Homes For Veterans
Gifting barrier-free renovations to our heroes.
Participate in our mission to serve our veterans, help us to say thank you for the sacrifices they have made for our freedom.
Our Mission at Homes for Veterans is to provide barrier-free renovations to veteran home owners at no cost to the veterans or their families.
This is a way to give back – a small thank you – in return for the immense sacrifice and patriotism that has allowed us as Americans our freedom. We offer help with barrier-free services, for example: wheelchair ramps, widening doorways for wheelchair access, kitchen adaptations including roll-under sinks and lowering countertops, bathroom adaptations including wheelchair accessible showers. We try to do anything that will make our veteran heroes free from injuring themselves when they return home from their service and make them more independent and comfortable in their own homes.
Donate by Mail
Homes for Veterans has ramps built, doorways widened, tubs removed and roll in showers installed. We can only do this with your support. You can show your thanks with a generous donation to our veteran heroes! Anything you can do to say thank you to our veterans for their service and sacrifice.
If you would like to mail in a donation:
Homes For Veterans
105 Highland Avenue
Harrington Park, New Jersey 07640
Kyle Chappell, The "Miracle Marine"
HARRINGTON PARK, N.J. — When Kyle Chappell, the so-called “Miracle Marine,” needed help modifying his home to maneuver his wheelchair, Doug DiPaola of Harrington Park was happy to help. DiPaola, 57, founded Homes for Veterans , a nonprofit, precisely for people like Chappell. “I learned there are a lot of injured veterans who need help with things that do not meet the requirements of any VA program,” he said.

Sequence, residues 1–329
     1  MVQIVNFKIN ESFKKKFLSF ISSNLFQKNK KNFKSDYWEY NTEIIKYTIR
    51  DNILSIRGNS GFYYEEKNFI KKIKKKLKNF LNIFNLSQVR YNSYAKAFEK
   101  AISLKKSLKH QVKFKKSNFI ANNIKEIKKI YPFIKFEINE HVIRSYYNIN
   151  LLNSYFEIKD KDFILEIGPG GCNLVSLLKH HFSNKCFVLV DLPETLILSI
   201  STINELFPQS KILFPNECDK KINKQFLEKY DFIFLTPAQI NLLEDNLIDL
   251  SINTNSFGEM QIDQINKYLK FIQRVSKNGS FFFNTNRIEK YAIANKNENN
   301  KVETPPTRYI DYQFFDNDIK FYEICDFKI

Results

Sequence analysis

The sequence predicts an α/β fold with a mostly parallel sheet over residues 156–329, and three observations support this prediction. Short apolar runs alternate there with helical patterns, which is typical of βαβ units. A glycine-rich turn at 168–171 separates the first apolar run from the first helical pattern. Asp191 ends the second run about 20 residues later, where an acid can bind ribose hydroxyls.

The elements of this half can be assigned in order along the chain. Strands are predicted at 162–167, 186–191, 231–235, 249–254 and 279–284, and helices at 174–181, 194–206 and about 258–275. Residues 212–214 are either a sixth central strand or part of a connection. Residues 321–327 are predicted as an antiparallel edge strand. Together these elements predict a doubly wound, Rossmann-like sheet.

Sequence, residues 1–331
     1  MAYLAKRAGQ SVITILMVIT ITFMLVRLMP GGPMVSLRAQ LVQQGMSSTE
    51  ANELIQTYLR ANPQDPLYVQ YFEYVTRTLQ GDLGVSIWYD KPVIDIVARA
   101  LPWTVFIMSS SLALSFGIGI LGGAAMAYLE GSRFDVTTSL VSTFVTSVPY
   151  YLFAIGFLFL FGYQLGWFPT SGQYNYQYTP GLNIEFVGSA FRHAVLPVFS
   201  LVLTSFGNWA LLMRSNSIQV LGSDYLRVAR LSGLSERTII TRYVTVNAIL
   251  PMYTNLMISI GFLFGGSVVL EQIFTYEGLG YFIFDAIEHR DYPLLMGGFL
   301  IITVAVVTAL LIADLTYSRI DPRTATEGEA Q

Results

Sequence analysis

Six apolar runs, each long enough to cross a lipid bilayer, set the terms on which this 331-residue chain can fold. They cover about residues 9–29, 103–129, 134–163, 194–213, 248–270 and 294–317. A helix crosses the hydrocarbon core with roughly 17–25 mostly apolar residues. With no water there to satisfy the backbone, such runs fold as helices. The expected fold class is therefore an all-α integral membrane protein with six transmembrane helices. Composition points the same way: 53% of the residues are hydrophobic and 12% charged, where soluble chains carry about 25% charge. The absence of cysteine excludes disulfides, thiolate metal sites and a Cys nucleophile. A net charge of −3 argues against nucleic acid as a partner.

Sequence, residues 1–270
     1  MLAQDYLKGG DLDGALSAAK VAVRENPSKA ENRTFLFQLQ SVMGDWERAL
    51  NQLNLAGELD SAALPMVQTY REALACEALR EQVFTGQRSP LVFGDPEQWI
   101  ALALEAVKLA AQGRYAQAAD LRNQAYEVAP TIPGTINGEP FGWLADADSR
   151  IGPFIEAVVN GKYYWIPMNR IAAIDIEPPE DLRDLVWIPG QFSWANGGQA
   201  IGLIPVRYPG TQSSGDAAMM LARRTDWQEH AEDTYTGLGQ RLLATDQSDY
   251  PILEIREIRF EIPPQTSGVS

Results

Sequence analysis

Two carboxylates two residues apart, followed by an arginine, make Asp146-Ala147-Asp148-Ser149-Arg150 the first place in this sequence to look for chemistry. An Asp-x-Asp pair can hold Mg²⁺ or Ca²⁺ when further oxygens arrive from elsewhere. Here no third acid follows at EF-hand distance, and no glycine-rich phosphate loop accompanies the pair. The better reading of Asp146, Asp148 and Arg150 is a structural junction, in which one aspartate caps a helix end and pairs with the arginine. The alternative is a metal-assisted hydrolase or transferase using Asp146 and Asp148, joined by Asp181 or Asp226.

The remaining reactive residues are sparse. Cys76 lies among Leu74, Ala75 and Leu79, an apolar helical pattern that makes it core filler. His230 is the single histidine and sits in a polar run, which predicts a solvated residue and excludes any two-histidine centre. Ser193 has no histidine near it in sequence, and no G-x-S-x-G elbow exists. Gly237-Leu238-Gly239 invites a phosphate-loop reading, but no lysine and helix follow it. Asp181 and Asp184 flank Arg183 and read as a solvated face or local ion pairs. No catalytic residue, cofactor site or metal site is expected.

Their needs include widening doorways, installing ramps, creating roll-in showers, and modifying kitchens. Chappell, who lives in Boonton, served two tours of duty in Afghanistan and Iraq. But he was severely injured in an April 2015 motorcycle accident after he returned to civilian life. He was riding to his job as an electrician at Esposito’s Electric in Denville when it happened.
Chappell lost a leg in the incident. His lungs collapsed. His liver, kidney, and spleen were lacerated. He also was decapitated from within. At home, he faced dangerous realities, given his long medical recuperation. First, he needed a chairlift to get in and out of his mother’s 1950’s Ranch-style house.
“Taking a shower was just dangerous,” Chappell said, “so there needed to be an improvement in some way. I’m still not super mobile so getting in and out of bathtubs is not preferable.” Homes for Veterans modified the Chappell bathroom for free. It removed a vanity, giving the Marine easy access to the sink, and replaced the tub with a roll-in shower.